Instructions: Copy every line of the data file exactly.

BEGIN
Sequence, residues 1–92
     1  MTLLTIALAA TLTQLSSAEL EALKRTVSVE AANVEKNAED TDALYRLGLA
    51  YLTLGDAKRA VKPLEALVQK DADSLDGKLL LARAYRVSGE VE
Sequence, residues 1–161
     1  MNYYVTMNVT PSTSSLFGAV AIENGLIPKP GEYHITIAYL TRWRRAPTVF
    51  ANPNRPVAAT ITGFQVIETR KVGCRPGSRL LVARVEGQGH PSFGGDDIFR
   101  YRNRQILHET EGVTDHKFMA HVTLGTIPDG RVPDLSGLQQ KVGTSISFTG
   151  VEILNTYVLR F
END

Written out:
Sequence, residues 1–92
     1  MTLLTIALAA TLTQLSSAEL EALKRTVSVE AANVEKNAED TDALYRLGLA
    51  YLTLGDAKRA VKPLEALVQK DADSLDGKLL LARAYRVSGE VE
Sequence, residues 1–161
     1  MNYYVTMNVT PSTSSLFGAV AIENGLIPKP GEYHITIAYL TRWRRAPTVF
    51  ANPNRPVAAT ITGFQVIETR KVGCRPGSRL LVARVEGQGH PSFGGDDIFR
   101  YRNRQILHET EGVTDHKFMA HVTLGTIPDG RVPDLSGLQQ KVGTSISFTG
   151  VEILNTYVLR F